A leader of impact needs to know how to identify and solve problems.
As a leader, you’re going to hear a lot of complaints and issues with, and within, your organization. You’re also going to notice issues and problems more than other people on your management team.
These problems are going to range from customer issues, quality complaints, internal squabbles between departments, ERP system, or CRM issues – you name it. There are an abundance of issues to fix, and while some problems and issues can be dealt with by your team, there are some of them that you’re going to have to get personally involved with.
Which problems do you start with? Which ones are worth your time and attention? The answer to these questions takes wisdom, but here’s what I’ve learned over the years. Hopefully, it helps.
Start with the Customer Experience
My attention immediately piques when I hear of an issue involving a client or customer. If quality was an issue, if they had a negative experience, if there were problems in what was delivered, I want to dig into it.
Entrepreneurs know that customers are their lifeline, for without satisfied customers, there is no business. The best leading indicator for profitability is repeat customers and/or customer retention. Any problem that has the possibility of jeopardizing this, I jump on.
I’m always very concerned when Sr. Leaders are too far removed from their customers and even more concerned if they don’t use their own products. Do you not like it? Do you not like your customers? Do you feel your product or service is not providing value? Do you understand the process and experience that your customers are going through? Is it the best it can be?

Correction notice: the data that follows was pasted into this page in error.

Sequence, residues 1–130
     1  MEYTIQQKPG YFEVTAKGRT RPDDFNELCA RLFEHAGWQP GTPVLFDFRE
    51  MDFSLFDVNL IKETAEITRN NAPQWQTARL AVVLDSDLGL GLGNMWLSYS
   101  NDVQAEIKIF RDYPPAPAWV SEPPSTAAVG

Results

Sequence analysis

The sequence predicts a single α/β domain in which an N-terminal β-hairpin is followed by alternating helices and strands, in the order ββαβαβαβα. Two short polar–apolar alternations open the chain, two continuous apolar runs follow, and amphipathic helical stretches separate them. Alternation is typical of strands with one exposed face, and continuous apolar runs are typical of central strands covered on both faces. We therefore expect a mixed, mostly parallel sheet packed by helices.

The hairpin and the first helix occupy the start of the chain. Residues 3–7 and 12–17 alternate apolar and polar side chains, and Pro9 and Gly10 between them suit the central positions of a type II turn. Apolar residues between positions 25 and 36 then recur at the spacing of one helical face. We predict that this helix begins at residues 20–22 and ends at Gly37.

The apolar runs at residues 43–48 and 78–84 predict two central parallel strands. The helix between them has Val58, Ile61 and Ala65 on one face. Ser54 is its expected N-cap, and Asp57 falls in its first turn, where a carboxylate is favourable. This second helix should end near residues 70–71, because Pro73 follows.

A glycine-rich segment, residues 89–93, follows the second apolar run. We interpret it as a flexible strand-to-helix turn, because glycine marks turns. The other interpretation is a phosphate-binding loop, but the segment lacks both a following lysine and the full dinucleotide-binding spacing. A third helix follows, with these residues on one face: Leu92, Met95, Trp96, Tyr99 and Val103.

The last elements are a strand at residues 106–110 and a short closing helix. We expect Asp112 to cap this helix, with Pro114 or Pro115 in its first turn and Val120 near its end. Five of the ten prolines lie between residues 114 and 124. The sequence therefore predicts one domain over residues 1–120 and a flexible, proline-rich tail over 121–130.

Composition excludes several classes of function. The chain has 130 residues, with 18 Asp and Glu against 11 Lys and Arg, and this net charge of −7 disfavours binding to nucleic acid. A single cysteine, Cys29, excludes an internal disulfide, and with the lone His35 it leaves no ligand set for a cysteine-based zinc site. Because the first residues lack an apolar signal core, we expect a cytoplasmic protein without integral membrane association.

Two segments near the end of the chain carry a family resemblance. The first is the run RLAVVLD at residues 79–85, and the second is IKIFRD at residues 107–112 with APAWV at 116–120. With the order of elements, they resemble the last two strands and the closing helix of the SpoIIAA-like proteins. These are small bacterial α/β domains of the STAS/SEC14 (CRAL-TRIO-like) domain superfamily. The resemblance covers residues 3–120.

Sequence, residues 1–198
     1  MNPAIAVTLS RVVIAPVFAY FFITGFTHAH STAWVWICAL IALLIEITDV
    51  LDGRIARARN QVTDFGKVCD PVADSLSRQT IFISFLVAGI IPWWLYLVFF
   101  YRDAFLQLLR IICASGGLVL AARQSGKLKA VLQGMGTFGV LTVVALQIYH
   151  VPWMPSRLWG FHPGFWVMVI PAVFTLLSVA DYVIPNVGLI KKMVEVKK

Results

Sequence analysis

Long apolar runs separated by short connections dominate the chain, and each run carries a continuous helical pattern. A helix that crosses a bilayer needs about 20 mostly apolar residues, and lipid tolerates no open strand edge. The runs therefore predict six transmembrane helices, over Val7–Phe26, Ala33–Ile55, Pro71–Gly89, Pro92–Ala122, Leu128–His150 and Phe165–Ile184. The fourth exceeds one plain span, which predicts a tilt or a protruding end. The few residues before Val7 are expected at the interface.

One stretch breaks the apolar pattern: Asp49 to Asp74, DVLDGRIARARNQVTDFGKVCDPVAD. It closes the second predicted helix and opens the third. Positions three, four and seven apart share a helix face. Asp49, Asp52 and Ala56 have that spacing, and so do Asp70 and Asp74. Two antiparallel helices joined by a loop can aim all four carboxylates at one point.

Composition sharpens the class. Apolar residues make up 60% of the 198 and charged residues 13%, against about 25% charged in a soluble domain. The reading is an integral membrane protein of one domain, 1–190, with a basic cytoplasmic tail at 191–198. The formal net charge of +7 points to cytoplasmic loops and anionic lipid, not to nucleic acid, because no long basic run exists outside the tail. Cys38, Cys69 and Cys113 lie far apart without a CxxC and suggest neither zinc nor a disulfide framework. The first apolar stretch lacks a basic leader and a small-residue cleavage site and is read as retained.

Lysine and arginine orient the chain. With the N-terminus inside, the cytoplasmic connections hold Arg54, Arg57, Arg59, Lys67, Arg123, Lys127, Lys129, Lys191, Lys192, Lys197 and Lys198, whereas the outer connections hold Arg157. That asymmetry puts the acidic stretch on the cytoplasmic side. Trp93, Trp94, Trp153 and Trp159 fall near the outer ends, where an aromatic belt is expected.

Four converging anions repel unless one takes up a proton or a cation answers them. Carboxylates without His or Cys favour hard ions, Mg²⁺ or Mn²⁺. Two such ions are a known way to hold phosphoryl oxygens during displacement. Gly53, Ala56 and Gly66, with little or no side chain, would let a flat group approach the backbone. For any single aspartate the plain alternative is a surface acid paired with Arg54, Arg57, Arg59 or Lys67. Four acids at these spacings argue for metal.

There is no better motivation for a leader to solve an issue than experiencing the pain for themselves. Walk the floor. Eat your products. Sign-up and go through the process that you offer. If you experience the pain that customers or your staff have, you will understand it and be very motivated to solve it.
Solve Them Like an Engineer
What you will find is most issues arise from broken systems or lack of training of your staff. Ray Dalio in his book, Principles, says that great managers “see their organizations as machines and work assiduously to maintain and improve them.” The org chart, systems, equipment, and procedures are the machine that produces a specific output. Your people then operate that machine within those procedures to ensure the outcomes match the goals.
If there is an issue with the customer experience, and it’s more than one-off, you need to decide if it’s a “machine issue” or “people issue”.
Is the procedural system wrong or was it an error or oversight of the people operating within it? Your job is to ask questions around these two areas to really understand the root causes and identify where the breakdown was. Asking questions not only ensures you gather the right context, but it will also help your staff develop critical thinking skills.
Bring Clarity to the Next Steps
Once they feel they have the right information, a leader brings clarity to the solution or invites others into the clarifying process. You don’t always need to solve it yourself, but you do need to direct the next steps, ensuring people are focused on solving the real issue.
Setting the direction and providing people with the authority and resources (i.e. time, money, personnel) necessary to solve it is key. Then, follow-up and check in on progress until everyone (especially you) feel it’s solved.
There are a lot of ways leaders can solve issues and manage their organizations. Hopefully, these tips help you in your own journey.
Keep having impact.